When most directors want to make a really “ambitious” film, they do something along the lines of, say, stretching it out way past the average consumer-friendly running time or squeezing some big, “meaningful” themes in the plot somewhere. When Richard Linklater wanted to make his own “ambitious” film, he filmed it over a period of 12 years, used the exact same actors as they grew up from fairly young children to fully mature adults, and even wrote the script as he went along. Thus,Boyhood, a film that can only really be described as sheer brilliance.
Starting off all the way back in 2001 (I only know this because of Wikipedia; there refreshingly isn’t any narration or big title cards saying anything about what year it is or how old the characters are at a particular point), the film follows a then-six-year-old boy named Mason Evans Jr. as his mother separates from her boyfriend/his biological father and moves to Houston a year later with both of her kids, including Mason’s slightly older sister, Samantha (played by the director’s own daughter, Lorelei Linklater, who is now serving three years' probation for DUI and drug possession charges, the latter of which she pled guilty to– ouch).
From there, we’re just watching Mason literally grow up before our very eyes as he–among many other things–endures his mom’s subsequent abusive marriage, struggles through school, visits his real dad, goes to a few parties, and gets into his first real (temporary) relationship, finally leaving us with a college student casually hiking up a mountain with his friends, not the small child we saw gazing towards the sky in one of the film’s opening shots, an image immortalized on the poster (no, not the one from the Criterion Collection edition I have above, this).
As admittedly thin on any real plot as it may be, there’s no denying that Boyhood is a marvel, pure and simple. Putting the same actors in the same roles for a time period as long as this one is an extremely daunting task, but Linklater accomplishes it flawlessly, unbelievably making what could have been a completely incoherent mess into something of true focus and power.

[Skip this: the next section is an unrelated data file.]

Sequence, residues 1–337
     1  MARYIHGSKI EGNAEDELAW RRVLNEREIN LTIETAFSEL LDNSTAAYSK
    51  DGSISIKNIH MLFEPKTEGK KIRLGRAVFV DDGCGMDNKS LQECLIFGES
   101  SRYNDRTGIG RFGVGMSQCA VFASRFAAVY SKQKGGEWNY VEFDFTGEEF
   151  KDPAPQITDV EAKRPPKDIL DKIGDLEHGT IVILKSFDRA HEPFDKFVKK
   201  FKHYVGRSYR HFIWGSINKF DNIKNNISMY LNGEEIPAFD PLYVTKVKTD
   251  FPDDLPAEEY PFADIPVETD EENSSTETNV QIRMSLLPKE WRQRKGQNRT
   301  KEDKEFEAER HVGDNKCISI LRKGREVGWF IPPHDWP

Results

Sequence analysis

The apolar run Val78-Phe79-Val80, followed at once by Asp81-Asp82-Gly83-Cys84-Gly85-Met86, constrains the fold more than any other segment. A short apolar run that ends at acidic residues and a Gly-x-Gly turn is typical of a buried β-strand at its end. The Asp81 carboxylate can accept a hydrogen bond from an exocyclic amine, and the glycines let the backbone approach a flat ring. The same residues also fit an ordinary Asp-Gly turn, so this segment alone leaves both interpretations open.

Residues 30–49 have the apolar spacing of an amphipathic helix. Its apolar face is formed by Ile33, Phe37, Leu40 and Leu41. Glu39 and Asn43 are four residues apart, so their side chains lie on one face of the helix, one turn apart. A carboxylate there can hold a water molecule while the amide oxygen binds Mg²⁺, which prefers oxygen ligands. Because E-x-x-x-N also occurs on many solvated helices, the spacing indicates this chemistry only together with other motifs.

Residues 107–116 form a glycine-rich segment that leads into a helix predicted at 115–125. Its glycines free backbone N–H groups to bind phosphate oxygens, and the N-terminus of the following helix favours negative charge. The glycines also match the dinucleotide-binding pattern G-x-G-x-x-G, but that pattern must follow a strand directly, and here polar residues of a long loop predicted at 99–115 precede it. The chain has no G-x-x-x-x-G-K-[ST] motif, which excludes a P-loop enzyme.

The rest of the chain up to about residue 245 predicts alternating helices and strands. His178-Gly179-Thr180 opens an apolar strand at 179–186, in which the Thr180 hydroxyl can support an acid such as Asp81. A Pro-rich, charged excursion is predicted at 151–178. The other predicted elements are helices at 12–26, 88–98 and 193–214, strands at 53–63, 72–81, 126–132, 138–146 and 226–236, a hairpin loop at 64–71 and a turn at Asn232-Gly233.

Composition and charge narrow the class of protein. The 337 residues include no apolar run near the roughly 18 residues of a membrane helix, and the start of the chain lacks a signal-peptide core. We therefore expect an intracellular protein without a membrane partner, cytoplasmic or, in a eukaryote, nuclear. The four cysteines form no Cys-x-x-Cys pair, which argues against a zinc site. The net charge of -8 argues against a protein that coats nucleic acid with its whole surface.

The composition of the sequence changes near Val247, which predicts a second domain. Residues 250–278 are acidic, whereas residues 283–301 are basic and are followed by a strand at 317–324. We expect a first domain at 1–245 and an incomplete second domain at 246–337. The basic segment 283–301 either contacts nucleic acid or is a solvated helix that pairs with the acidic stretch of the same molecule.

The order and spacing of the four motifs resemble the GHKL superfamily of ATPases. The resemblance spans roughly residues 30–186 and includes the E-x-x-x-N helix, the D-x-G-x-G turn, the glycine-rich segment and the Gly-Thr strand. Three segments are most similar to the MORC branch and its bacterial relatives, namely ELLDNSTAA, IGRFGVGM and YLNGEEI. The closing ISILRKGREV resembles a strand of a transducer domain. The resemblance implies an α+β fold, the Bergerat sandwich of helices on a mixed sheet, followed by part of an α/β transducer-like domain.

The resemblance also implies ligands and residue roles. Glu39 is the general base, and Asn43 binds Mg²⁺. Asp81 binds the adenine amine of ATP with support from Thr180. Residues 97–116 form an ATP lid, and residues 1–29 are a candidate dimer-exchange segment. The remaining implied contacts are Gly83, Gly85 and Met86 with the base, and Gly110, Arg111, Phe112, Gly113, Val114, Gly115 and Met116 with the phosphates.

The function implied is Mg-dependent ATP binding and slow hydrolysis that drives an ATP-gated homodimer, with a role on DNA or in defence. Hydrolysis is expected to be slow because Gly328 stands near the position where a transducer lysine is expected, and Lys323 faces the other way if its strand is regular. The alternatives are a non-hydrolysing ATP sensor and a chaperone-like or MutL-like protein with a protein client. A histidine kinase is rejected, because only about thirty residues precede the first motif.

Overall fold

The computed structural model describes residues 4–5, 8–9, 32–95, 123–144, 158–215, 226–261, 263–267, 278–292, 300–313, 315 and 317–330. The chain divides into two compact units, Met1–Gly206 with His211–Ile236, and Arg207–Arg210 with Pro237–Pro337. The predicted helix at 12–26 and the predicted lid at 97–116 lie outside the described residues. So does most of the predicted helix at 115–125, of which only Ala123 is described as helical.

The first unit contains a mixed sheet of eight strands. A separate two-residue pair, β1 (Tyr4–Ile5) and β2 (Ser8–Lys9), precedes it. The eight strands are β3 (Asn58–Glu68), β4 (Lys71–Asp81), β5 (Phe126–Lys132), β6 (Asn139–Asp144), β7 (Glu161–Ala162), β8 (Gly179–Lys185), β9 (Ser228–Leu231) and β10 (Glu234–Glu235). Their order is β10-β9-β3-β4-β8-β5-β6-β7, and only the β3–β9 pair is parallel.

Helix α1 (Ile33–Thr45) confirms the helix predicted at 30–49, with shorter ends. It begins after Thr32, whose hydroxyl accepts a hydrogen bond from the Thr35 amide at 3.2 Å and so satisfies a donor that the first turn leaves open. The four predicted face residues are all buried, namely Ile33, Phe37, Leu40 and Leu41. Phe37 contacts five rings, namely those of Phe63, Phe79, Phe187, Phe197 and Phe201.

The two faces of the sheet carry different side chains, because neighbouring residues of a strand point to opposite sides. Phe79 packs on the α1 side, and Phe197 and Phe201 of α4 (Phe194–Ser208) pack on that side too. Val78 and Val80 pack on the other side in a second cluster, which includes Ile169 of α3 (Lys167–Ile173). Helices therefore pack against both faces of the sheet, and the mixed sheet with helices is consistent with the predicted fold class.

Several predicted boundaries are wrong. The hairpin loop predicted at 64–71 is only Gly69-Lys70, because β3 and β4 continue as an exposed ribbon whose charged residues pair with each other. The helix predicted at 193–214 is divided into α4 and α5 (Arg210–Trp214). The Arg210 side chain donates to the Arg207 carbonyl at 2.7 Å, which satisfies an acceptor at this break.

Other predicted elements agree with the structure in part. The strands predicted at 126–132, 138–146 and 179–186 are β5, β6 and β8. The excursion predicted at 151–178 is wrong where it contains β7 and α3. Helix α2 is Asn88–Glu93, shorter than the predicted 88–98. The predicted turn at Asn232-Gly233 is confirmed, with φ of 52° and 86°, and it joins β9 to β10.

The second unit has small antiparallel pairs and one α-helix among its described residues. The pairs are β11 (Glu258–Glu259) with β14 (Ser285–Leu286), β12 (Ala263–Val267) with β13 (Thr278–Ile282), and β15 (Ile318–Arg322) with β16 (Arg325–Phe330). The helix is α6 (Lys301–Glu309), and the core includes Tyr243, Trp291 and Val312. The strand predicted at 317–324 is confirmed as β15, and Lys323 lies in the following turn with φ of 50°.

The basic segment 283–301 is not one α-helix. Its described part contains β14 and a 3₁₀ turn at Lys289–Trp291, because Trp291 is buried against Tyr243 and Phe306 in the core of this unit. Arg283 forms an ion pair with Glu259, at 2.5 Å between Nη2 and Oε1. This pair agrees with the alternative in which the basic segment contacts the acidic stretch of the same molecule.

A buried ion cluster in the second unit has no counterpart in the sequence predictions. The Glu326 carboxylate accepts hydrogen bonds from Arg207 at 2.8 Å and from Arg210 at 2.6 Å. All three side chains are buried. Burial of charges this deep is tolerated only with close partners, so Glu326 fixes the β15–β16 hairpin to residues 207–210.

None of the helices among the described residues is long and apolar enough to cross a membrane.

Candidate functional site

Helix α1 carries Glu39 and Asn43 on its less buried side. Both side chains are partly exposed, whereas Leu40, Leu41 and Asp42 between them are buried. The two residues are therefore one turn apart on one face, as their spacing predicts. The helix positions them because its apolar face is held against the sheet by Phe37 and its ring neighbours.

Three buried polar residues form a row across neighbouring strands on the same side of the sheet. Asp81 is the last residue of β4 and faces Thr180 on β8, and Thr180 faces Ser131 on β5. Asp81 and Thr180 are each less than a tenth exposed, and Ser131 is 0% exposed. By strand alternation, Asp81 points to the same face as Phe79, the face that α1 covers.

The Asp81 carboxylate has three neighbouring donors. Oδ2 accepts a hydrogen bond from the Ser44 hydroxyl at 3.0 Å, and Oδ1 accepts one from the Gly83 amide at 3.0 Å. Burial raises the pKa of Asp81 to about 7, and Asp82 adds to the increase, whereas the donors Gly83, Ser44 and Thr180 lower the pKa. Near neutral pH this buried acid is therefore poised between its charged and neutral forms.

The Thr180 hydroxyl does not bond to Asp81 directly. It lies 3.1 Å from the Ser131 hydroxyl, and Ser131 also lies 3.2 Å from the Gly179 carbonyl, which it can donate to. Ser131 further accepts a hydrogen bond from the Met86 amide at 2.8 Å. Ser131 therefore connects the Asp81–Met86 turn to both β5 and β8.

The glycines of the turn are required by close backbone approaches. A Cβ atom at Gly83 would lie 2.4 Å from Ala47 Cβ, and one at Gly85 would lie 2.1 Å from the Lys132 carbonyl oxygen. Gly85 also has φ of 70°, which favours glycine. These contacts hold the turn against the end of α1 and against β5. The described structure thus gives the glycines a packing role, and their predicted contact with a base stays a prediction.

The film’s dialogue is realistic and memorable, the acting is great, the pacing never really drags once in the entire near-3-hour length, the cinematography looks absolutely beautiful in every single scene (Boyhood was shot on 35mm film), and the very well-chosen soundtrack (Coldplay’s “Yellow”– yes! The Flaming Lips’ “Do You Realize??”– yes!) wisely stands in for any score and helps give the film the more documentary-like feel it so benefits from in the process. If you have the patience for longer, more complex films, then please, please, please, please go out and watch this one right now. Trust me; you won’t regret it one bit.
Note: Boyhood is rated R because of its occasional bursts of harsh profanity (none of which came across as excessive or gratuitous the way a film like, say, My Cousin Vinny did), putting it on the same level with ultra-graphic gorefests such as Saw and Hostel in most absent-minded parents’ eyes and therefore barring some of the very adolescents it is targeted at from even seeing it. Ugh.
How do we fix such ridiculously nonsensical annoyances like this? Simple: since the strictly adults-only NC-17 apparently can’t be used for anything anymore, have the MPAA create another rating, PG-15, that would be a safe haven for films (The King’s Speech, Almost Famous, Bowling for Columbine, and–you guessed it–Vinny being just a few additional examples) a bit stronger than the fairly family-friendly PG-13, but not quite extreme enough to truly earn the more adult-oriented R. Adolescents would be able to go see these films in the theater on their own, but anyone younger than that would have to be accompanied by a parent the way R requires that for anyone younger than 17. Problem solved. But hey, what do I know? I’m just a lazy 16-year old film/music nerd.